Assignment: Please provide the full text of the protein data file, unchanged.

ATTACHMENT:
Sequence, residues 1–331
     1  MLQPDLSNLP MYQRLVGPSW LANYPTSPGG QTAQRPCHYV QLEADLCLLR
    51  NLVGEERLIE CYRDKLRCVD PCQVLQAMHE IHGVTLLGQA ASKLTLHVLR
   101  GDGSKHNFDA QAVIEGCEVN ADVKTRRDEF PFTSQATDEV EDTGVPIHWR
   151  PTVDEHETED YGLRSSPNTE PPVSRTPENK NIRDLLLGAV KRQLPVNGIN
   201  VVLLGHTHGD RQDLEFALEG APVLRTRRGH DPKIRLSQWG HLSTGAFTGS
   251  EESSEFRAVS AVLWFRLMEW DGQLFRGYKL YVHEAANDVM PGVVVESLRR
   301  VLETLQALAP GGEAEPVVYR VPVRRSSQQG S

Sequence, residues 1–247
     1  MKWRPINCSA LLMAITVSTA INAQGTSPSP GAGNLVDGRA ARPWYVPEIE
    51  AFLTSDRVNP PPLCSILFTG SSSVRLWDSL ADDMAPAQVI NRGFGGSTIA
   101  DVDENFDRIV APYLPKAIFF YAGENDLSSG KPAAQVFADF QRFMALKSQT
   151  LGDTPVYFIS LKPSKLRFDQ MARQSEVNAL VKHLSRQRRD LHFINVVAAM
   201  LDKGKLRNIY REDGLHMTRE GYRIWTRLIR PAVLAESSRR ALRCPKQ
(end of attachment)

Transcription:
Sequence, residues 1–331
     1  MLQPDLSNLP MYQRLVGPSW LANYPTSPGG QTAQRPCHYV QLEADLCLLR
    51  NLVGEERLIE CYRDKLRCVD PCQVLQAMHE IHGVTLLGQA ASKLTLHVLR
   101  GDGSKHNFDA QAVIEGCEVN ADVKTRRDEF PFTSQATDEV EDTGVPIHWR
   151  PTVDEHETED YGLRSSPNTE PPVSRTPENK NIRDLLLGAV KRQLPVNGIN
   201  VVLLGHTHGD RQDLEFALEG APVLRTRRGH DPKIRLSQWG HLSTGAFTGS
   251  EESSEFRAVS AVLWFRLMEW DGQLFRGYKL YVHEAANDVM PGVVVESLRR
   301  VLETLQALAP GGEAEPVVYR VPVRRSSQQG S

Sequence, residues 1–247
     1  MKWRPINCSA LLMAITVSTA INAQGTSPSP GAGNLVDGRA ARPWYVPEIE
    51  AFLTSDRVNP PPLCSILFTG SSSVRLWDSL ADDMAPAQVI NRGFGGSTIA
   101  DVDENFDRIV APYLPKAIFF YAGENDLSSG KPAAQVFADF QRFMALKSQT
   151  LGDTPVYFIS LKPSKLRFDQ MARQSEVNAL VKHLSRQRRD LHFINVVAAM
   201  LDKGKLRNIY REDGLHMTRE GYRIWTRLIR PAVLAESSRR ALRCPKQ